Religious landmark is renewed in Baltimore

A U.S.

Basilica was statement on faith, liberty in new nation

October 29, 2006|By Liz F. Kay | Liz F. Kay,Sun staff

.. High above the city, the church loomed. So it was for the great cathedrals of Europe - of Chartres and Notre Dame and Salisbury and Orvieto. And so it was for the Cathedral of the Assumption of the Blessed Virgin Mary in Baltimore.

For much of the 19th century, the neo-classical cathedral, built on a hill north of what was then the city center, was the most prominent feature of Baltimore's skyline.

Skyscrapers have since grown to overshadow the cathedral and its primacy in the birth of the Catholic church in America has been forgotten by many.

But now there is hope that the cathedral - reopening Saturday after a two-year, $32 million restoration - will reassert its importance in the history of the church, of the city and the country, giving it the appeal great European cathedrals have to both the religious and the curious.

Mark J. Potter, executive director of the Basilica Historic Trust, points out that unlike European cities, trips to an American metropolis rarely include a stop at a cathedral. "I think we have the opportunity here in America to change that," he said.

The life story of the cathedral, now known as the Basilica of the National Shrine of the Assumption of the Blessed Virgin Mary, is rich enough to have such an appeal.

Construction began exactly 200 years ago on what was the first cathedral constructed in the United States after the American Revolution. It is in the first diocese established in the country, in the most prominent city of the state that fought the hardest for the rights of Roman Catholics and other religious minorities in the colonies and the new country.

It was designed by Benjamin Henry Latrobe, one of the nascent nation's most prominent architects - responsible for the U.S. Capitol and other iconic structures - to make a statement about the religion and the nation.

"What the basilica rededication helps us to do is emphasize for our own people the important role that Baltimore had in the early days of the church in the United States," said Cardinal William H. Keeler in an interview at Baltimore's Catholic Center last week.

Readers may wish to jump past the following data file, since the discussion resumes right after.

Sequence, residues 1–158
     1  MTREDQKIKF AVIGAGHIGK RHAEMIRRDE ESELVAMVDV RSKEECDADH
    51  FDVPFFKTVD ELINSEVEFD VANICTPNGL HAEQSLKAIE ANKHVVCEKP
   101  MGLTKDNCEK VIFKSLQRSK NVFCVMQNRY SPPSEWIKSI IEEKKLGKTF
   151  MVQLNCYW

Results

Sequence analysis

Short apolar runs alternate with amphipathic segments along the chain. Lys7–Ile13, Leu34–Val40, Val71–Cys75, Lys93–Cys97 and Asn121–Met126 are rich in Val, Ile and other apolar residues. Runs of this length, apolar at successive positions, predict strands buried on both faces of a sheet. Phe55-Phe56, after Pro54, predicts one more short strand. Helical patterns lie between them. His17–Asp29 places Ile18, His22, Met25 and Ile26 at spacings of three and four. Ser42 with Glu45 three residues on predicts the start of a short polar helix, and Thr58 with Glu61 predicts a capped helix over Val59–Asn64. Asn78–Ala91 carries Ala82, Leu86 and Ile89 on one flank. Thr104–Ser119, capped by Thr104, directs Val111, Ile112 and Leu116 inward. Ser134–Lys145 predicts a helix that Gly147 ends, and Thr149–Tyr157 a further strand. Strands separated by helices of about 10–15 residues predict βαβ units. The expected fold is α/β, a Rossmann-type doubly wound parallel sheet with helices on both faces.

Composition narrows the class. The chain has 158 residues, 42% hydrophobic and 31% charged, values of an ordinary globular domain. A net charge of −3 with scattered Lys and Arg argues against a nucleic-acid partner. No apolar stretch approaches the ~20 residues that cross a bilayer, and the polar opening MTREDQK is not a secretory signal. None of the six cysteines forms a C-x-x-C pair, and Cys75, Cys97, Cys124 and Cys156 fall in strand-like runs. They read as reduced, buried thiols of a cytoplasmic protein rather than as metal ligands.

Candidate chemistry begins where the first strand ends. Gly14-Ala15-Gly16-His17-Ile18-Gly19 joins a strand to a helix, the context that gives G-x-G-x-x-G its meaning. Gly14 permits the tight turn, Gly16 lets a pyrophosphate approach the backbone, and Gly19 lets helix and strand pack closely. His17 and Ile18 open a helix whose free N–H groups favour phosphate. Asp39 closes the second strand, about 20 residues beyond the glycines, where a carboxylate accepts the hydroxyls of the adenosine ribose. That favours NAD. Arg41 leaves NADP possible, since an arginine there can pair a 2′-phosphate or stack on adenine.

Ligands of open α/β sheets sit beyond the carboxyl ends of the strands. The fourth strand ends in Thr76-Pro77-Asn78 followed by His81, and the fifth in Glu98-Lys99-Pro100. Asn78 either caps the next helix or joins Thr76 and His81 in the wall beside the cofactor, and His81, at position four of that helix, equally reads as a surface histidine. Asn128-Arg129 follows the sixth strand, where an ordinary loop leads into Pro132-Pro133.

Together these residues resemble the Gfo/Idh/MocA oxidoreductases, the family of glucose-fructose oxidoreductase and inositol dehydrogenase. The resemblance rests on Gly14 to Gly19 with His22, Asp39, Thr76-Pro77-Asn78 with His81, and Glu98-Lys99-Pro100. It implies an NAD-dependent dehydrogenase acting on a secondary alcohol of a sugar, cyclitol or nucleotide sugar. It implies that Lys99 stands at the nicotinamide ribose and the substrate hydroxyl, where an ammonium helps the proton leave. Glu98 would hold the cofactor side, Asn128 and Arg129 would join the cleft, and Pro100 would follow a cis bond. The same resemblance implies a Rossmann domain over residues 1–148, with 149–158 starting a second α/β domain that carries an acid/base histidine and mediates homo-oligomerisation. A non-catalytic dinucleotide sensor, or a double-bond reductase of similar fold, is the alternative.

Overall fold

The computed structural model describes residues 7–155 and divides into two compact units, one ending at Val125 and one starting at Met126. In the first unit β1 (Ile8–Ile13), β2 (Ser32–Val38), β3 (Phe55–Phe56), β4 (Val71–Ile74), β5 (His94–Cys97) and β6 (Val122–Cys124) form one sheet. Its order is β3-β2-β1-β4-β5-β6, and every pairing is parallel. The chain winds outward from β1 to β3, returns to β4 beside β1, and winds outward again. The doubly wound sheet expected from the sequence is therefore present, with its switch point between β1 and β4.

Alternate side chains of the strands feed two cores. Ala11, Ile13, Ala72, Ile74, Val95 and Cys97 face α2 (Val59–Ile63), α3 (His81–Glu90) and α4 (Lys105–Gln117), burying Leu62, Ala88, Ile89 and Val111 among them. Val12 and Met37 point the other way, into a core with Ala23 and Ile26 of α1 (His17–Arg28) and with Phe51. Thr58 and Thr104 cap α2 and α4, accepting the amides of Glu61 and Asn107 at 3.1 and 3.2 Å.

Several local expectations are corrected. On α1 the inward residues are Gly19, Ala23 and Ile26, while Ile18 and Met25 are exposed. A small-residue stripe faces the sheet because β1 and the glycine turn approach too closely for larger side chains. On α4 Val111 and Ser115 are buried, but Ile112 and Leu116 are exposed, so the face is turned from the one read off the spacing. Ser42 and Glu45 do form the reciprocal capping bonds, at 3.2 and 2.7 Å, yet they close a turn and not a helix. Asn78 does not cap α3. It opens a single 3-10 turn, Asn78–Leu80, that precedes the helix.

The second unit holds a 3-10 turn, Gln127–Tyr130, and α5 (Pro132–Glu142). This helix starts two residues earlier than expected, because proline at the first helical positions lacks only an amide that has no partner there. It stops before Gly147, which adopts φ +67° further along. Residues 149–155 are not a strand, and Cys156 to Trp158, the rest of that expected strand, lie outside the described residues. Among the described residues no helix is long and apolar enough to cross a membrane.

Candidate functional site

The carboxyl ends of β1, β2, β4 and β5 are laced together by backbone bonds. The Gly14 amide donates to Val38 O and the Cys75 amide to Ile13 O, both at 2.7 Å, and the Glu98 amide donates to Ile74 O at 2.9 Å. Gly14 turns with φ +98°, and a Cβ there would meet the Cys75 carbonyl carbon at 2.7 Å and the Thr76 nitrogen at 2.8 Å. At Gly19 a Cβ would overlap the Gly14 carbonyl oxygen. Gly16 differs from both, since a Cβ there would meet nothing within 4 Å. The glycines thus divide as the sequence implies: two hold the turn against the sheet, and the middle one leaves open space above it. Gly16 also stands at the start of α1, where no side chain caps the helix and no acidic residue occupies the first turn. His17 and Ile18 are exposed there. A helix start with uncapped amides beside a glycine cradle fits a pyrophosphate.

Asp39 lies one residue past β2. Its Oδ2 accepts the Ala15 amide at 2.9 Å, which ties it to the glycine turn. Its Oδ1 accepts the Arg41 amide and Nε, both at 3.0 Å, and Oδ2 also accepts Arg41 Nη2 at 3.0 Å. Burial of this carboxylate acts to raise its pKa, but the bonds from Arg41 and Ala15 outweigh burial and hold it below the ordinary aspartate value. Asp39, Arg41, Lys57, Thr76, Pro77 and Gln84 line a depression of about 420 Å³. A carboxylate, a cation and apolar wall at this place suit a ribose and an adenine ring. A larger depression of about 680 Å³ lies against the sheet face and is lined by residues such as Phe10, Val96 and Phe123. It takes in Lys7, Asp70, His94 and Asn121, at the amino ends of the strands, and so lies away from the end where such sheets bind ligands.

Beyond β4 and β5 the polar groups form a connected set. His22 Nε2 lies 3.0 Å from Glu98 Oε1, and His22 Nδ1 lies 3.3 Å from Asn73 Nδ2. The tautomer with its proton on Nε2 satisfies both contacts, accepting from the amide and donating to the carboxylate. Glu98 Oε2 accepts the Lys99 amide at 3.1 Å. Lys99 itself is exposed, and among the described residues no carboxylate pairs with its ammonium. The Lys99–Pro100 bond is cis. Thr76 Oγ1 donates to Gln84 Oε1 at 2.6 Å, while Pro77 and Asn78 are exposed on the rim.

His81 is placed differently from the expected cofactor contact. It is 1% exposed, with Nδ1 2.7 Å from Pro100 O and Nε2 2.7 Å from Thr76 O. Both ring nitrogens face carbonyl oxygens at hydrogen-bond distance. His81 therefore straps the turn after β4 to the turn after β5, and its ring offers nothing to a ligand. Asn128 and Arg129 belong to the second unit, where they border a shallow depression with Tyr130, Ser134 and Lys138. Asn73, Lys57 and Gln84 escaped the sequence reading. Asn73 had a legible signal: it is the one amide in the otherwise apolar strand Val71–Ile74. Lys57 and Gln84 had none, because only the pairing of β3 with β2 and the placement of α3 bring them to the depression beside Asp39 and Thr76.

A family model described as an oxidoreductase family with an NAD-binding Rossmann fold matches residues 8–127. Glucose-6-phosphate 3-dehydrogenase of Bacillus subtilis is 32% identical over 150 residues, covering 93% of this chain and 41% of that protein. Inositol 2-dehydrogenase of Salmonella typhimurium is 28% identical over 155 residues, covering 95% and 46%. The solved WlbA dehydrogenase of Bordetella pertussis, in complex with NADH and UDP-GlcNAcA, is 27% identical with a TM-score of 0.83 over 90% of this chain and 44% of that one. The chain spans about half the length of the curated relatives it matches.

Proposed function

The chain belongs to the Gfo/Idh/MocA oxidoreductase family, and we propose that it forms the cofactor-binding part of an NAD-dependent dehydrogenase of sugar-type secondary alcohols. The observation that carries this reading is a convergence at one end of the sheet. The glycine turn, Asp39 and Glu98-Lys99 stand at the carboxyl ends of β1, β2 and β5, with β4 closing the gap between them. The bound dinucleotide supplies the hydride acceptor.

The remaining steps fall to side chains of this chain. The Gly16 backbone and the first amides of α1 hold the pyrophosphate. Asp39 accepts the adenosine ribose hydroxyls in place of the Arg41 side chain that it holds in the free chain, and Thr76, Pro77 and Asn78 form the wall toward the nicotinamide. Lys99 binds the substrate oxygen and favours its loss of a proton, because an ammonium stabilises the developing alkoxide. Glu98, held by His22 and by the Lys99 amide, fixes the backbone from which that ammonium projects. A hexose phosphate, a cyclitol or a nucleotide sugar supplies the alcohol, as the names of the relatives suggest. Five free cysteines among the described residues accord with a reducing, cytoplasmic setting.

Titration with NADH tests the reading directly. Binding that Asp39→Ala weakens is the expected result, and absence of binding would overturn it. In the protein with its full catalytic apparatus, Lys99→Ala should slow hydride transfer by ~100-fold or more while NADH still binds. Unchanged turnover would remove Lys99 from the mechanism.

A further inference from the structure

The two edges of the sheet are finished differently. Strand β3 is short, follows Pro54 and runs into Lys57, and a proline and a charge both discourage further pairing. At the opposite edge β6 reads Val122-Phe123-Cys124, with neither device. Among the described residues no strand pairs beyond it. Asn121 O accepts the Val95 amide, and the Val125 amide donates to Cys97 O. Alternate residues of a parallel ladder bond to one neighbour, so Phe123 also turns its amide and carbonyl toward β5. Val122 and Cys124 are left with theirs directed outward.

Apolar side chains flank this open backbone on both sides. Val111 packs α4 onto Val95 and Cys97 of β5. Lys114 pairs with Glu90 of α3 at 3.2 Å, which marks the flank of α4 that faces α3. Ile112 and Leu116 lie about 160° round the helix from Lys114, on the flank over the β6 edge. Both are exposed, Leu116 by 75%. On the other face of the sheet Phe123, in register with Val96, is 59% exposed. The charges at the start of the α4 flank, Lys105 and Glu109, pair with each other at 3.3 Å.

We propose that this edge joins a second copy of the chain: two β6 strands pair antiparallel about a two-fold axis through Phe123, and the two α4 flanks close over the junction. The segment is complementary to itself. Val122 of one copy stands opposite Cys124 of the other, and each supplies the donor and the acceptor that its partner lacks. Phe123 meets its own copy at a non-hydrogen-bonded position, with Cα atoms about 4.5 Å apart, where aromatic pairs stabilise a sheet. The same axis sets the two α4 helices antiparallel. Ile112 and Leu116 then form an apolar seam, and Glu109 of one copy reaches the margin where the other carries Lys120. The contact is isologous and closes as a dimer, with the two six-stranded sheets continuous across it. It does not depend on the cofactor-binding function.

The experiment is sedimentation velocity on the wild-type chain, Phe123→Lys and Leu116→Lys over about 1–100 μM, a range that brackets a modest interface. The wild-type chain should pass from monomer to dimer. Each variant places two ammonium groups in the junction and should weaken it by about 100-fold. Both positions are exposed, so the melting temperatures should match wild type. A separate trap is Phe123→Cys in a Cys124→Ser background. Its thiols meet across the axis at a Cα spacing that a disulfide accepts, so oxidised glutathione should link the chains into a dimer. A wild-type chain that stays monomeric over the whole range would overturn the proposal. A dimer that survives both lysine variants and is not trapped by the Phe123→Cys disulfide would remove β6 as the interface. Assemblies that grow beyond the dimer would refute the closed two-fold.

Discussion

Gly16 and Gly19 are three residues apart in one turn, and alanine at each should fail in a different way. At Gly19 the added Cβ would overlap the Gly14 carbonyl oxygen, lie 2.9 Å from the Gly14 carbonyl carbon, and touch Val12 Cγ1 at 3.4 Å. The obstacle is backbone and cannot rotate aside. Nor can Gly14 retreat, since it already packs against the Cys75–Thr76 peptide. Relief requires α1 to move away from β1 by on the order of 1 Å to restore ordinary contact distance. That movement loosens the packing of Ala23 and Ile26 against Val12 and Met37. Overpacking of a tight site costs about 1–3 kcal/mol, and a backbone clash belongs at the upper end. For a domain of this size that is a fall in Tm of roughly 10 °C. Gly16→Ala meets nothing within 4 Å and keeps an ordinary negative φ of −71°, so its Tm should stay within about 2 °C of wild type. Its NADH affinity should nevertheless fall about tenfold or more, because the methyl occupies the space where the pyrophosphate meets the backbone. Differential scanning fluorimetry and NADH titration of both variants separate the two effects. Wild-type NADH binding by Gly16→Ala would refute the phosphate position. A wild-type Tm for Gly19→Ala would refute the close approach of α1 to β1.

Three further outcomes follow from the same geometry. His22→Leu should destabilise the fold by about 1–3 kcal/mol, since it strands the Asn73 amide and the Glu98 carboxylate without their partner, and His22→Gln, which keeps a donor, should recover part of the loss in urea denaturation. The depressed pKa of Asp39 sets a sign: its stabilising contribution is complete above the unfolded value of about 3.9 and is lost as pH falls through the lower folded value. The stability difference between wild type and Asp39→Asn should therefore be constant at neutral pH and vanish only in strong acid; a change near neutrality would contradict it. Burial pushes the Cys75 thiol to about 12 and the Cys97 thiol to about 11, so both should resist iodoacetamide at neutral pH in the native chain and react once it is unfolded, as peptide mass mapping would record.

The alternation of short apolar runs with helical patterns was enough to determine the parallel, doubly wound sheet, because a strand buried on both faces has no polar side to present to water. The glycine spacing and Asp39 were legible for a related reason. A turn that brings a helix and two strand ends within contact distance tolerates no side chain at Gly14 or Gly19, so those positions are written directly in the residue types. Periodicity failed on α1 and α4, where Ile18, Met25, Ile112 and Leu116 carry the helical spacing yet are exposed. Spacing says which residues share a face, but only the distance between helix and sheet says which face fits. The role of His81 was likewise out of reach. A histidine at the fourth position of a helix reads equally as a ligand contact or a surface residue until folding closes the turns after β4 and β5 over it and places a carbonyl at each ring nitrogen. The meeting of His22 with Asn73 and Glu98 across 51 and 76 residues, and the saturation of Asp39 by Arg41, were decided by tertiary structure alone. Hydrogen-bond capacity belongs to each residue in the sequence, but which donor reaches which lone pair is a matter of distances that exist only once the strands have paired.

Keeler has spent nearly two decades as Baltimore's archbishop and the basilica restoration is seen by many as a key part of his legacy.

"This church can now tell a story," said Potter.

That story is the story of the Catholic church in America. The roots of even such large dioceses as New York and Boston can be to traced back to Baltimore. Bishops met within the basilica to make decisions that established and furthered Catholicism in this country.

"So many people today only think of the Catholic Church as it is today, 60 million Catholics and all these dioceses and parishes," Potter said. "They're so unaware of the modest beginnings of the church in this country."

It is also the story of a new nation trying to establish itself in all ways, including architecturally.

American Catholic leaders decided Baltimore's cathedral should break from the heavily ornamented style of Europe. Historians say the building's structure reflects the era in which it, and the new nation, was born.

John Carroll, the Baltimore diocese's first bishop, "built a church that was in its style and everything very American," said Jay P. Dolan, professor emeritus of history at the University of Notre Dame and author of In Search of an American Catholicism: a History of Religion and Culture in Tension.

"When Carroll and the cathedral trustees sought an architect, they didn't go to Europe. They looked to the nation's capital," Dolan said. "They wanted a cathedral that would fit with the times, a style compatible with the ideals of the Enlightenment - order, harmony, quiet, dignity."

Latrobe volunteered his services and designed a house of worship in the neoclassical style favored by Thomas Jefferson, said state archivist Edward C. Papenfuse. Construction began in 1806.

The earliest Baltimore guidebooks mention the basilica. "It is an extraordinary example of American architecture and needs to be seen in that light," Papenfuse said. "Whether you were Catholic or not, you would come and see this remarkable structure."

Beyond its architectural style, the church made a statement about American ideals, embodying Carroll and his family's belief in religious freedom. "I believe it is a monument to the Catholic experience in Maryland, which was persistently an effort to establish a place in America where they could practice freely," Papenfuse said.

The nation's first Catholic bishop grew up in a time when members of his faith were widely persecuted. He and Charles Carroll of Carrollton - his cousin and one of the signers of the Declaration of Independence - were ardent proponents of religious freedom who worked within Maryland to establish rules by which different faiths could live together peacefully in a predominantly Protestant America. The style and prominence of the cathedral gave powerful affirmation of that goal.

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